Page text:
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Not All Weight Loss Is Good: The Counterintuitive Finding That Could Extend Your Lifespan
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Not All Weight Loss Is Good: The Counterintuitive Finding That Could Extend Your Lifespan

Sep 5, 2023
Glowing Human Lifespan Longevity

A study found that older women who maintained their body weight after age 60 were more likely to reach exceptional longevity compared to those who lost 5% or more of their weight. Gaining weight did not affect the odds of achieving exceptional longevity, challenging general recommendations for weight loss in older women.

According to a study led by the University of California San Diego, older women who maintained their weight after turning 60 had a greater likelihood of living to 90 or beyond, referred to as exceptional longevity. These women were 1.2 to 2 times more likely to reach this milestone compared to those who lost 5% or more of their body weight.

The study, recently published in the Journal of Gerontology: Medical Sciences, analyzed the relationship between weight fluctuations in later life and longevity among 54,437 postmenopausal women participating in the Women’s Health Initiative. This long-term study aims to explore the root causes of chronic illnesses in postmenopausal women. During the follow-up period, 30,647 participants, or 56%, lived to the age of 90 or older.

Aladdin H. Shadyab

Aladdin H. Shadyab, Ph.D., M.P.H., associate professor at the Herbert Wertheim School of Public Health and Human Longevity Science at UC San Diego. Credit: UC San Diego

Women who lost at least 5 percent of weight were less likely to achieve longevity compared to those who achieved stable weight. For example, women who unintentionally lost weight were 51 percent less likely to survive to the age of 90. However, gaining 5 percent or more weight, compared to stable weight, was not associated with exceptional longevity.

“It is very common for older women in the United States to experience overweight or obesity with a body mass index range of 25 to 35. Our findings support stable weight as a goal for longevity in older women,” said first author Aladdin H. Shadyab, Ph.D., M.P.H., associate professor at the Herbert Wertheim School of Public Health and Human Longevity Science at UC San Diego.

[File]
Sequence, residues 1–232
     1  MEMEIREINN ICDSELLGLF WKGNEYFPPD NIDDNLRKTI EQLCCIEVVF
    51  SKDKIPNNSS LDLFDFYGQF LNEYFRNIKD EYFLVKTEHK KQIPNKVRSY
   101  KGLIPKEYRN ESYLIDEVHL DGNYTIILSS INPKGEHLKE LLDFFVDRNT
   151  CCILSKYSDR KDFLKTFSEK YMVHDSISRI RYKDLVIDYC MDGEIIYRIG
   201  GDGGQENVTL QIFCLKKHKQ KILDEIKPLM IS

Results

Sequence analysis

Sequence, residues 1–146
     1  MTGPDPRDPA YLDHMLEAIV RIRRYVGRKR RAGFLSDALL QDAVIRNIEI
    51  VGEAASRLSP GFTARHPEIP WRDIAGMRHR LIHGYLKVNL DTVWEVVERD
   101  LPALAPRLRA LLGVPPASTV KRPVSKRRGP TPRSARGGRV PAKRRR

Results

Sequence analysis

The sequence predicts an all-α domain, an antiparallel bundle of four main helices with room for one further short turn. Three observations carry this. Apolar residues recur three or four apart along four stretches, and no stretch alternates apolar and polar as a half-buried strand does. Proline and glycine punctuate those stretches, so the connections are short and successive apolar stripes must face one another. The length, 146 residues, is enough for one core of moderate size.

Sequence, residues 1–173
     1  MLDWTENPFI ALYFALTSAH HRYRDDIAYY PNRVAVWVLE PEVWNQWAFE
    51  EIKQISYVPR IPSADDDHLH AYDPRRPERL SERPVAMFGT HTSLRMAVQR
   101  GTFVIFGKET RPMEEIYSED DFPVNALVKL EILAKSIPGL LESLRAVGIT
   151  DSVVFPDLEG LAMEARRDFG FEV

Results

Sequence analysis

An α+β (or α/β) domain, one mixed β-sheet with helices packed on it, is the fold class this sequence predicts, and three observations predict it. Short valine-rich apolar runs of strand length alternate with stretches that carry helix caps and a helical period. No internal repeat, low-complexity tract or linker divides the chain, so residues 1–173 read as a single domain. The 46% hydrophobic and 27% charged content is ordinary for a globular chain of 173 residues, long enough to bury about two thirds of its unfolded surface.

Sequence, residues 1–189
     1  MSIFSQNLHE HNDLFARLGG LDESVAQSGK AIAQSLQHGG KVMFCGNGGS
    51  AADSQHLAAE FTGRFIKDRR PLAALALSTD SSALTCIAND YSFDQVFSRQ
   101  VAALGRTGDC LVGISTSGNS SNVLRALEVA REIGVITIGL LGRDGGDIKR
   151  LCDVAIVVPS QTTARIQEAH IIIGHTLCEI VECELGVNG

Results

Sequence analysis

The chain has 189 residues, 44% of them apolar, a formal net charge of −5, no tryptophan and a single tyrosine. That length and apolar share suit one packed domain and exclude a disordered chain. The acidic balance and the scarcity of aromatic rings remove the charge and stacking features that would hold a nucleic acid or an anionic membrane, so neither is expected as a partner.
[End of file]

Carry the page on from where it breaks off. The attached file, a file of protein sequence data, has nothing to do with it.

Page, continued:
“If aging women find themselves losing weight when they are not trying to lose weight, this could be a warning sign of ill health and a predictor of decreased longevity.”

The findings suggest that general recommendations for weight loss in older women may not help them live longer. Nevertheless, the authors caution that women should heed medical advice if moderate weight loss is recommended to improve their health or quality of life.

The data expands on the growing research linking the relationship between weight change and mortality. Notably, this is the first large study to examine weight change later in life and its relation to exceptional longevity.

Reference: “Association of Later-Life Weight Changes With Survival to Ages 90, 95, and 100: The Women’s Health Initiative” by Aladdin H Shadyab, Ph.D., JoAnn E Manson, MD, DrPH, Matthew A Allison, MD, MPH, Deepika Laddu, Ph.D., Sylvia Wassertheil-Smoller, Ph.D., Linda Van Horn, Ph.D., RDN, Robert A Wild, MD, MPH, Ph.D., Hailey R Banack, Ph.D., Fred K Tabung, Ph.D., Bernhard Haring, MD, MPH, Yangbo Sun, MD, Ph.D., Erin S LeBlanc, MD, MPH, Jean Wactawski-Wende, Ph.D., Meryl S LeBoff, MD, Michelle J Naughton, Ph.D., MPH, Juhua Luo, Ph.D., Peter F Schnatz, DO, Ginny Natale, Ph.D., Robert J Ostfeld, MD, MSc and Andrea Z LaCroix, Ph.D., 29 August 2023, Journal of Gerontology.
DOI: 10.1093/gerona/glad177

Co-authors include: Matthew A. Allison and Andrea Z. LaCroix, UC San Diego; JoAnn E. Manson, Brigham and Women’s Hospital and Harvard Medical School and Harvard T.H. Chan School of Public Health; Deepika Laddu, University of Illinois Chicago; Sylvia Wassertheil-Smoller, Albert Einstein College of Medicine; Linda Van Horn, Northwestern University Feinberg School of Medicine; Robert A. Wild, University of Oklahoma Health Sciences Center; Hailey R. Banack, Dalla Lana School of Public Health; Fred K. Tabung, Ohio State University; Bernhard Haring, University of Wurzburg and Albert Einstein College of Medicine; Yangbo Sun, University of Tennessee Health Science Center; Erin S. LeBlanc, Kaiser Permanente; Jean Wactawski-Wende, University at Buffalo – SUNY; Meryl S. LeBoff, Harvard Medical School; Michelle J. Naughton, Ohio State University; Juhua Luo, Indiana University Bloomington; Peter F. Schnatz, Reading Hospital/Tower Health; Ginny Natale, Stony Brook University; and Robert J. Ostfeld, Montefiore Health System.

This research was funded, in part, by the National Institutes of Health, National Heart, Lung, and Blood Institute, and U.S. Department of Health and Human Services (75N92021D00001, 75N92021D00002, 75N92021D00003, 75N92021D00004 and 75N92021D00005).

Disclosure: Robert J. Ostfeld, MD, MSc, declares research grants from Purjes Foundation and Greenbaum Foundation, and is an advisory board member of Mesuron, Inc. with stock option interest.


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